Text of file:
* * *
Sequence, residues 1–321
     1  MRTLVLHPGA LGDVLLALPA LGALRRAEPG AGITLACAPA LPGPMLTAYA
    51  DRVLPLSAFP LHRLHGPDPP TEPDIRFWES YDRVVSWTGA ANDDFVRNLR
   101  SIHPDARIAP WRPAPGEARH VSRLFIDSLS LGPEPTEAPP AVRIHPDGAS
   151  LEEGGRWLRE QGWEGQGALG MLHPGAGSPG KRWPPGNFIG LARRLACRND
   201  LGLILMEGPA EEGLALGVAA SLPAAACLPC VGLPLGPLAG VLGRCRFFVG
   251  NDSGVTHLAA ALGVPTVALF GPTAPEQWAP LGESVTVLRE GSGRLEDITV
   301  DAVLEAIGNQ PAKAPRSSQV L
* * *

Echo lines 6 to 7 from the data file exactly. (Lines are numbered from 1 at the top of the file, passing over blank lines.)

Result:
   201  LGLILMEGPA EEGLALGVAA SLPAAACLPC VGLPLGPLAG VLGRCRFFVG
   251  NDSGVTHLAA ALGVPTVALF GPTAPEQWAP LGESVTVLRE GSGRLEDITV